East meets West with a traditional herbal cure for jaundice


Jaundice, the yellowing of the skin and whites of the eyes following accumulation of the bile pigment bilirubin, is extremely common in newborn infants. In Western nations jaundice is most commonly treated with exposure to light (phototherapy), however a drug therapy would also be desirable. In the January 2 issue of the Journal of Clinical Investigation, David Moore and colleagues from Baylor College of Medicine, Texas, demonstrate that a Chinese herbal tea remedy for jaundice called Yin Zhi Huang (YZH) activates a liver receptor that enhances the clearance of bilirubin. YZH was "boiled down" to one component: 6,7-dimethylesculetin, which binds to and activates the hepatic nuclear receptor CAR and its target genes, leading to increased clearance of bilirubin.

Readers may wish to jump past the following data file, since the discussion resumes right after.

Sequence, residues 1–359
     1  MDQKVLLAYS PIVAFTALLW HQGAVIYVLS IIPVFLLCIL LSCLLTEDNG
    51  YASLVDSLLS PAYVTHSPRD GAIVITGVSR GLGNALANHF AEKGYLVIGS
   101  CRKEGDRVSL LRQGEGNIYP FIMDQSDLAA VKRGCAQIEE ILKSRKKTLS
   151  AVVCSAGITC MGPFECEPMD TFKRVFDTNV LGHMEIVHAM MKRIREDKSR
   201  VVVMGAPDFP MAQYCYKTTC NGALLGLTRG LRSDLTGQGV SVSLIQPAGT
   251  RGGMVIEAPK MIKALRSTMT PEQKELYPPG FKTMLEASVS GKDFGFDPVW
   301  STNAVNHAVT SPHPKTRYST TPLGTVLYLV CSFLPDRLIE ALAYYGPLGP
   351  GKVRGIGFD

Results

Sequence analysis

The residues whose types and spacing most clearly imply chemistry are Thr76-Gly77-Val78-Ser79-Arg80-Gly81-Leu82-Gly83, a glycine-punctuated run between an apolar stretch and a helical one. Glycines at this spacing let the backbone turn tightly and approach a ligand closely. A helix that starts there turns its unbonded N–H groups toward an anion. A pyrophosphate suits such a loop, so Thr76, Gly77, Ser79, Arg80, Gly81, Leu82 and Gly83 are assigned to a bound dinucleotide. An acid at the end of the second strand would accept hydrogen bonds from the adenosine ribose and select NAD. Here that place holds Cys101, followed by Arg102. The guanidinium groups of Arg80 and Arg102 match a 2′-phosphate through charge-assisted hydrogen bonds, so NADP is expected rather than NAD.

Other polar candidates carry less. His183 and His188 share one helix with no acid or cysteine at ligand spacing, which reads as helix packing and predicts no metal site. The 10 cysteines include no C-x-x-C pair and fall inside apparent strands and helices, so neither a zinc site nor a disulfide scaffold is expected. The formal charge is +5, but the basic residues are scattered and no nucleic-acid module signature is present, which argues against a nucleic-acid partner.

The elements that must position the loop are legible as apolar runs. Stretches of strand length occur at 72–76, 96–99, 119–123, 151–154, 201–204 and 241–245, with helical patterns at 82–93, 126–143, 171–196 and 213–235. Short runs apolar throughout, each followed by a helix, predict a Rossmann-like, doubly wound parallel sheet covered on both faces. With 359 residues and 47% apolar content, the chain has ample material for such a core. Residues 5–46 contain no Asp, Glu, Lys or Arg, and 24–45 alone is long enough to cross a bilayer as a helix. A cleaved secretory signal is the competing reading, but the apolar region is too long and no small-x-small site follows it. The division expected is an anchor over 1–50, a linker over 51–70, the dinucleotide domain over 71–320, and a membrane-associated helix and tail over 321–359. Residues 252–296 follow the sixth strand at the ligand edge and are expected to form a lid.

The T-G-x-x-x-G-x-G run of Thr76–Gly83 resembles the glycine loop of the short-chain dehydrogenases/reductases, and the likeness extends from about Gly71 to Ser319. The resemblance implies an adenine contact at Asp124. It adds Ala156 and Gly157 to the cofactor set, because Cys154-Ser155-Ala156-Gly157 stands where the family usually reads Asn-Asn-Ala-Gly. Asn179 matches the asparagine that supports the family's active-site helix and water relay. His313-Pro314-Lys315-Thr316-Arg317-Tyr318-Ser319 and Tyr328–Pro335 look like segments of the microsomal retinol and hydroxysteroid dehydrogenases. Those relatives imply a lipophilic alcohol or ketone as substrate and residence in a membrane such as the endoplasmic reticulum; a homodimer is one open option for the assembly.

The report could lead to improved pharmaceutical treatments for neonatal jaundice and also helps close the gap between Western-style medical care and Eastern herbal remedies. In an accompanying commentary, Mitchell Lazar from the University of Pennsylvania discusses some of the differences in Western and Eastern medical philosophies and practices. He states "This is a wonderful example of knowledge gained by applying the Western scientific method to an Eastern herbal remedy. It will be very exciting if a pure compound emerges from the tea leaves as a pharmacological therapy for neonatal jaundice that is complementary to the current Western practice of phototherapy."

Source: Eurekalert & others

Last reviewed: By John M. Grohol, Psy.D. on 21 Feb 2009
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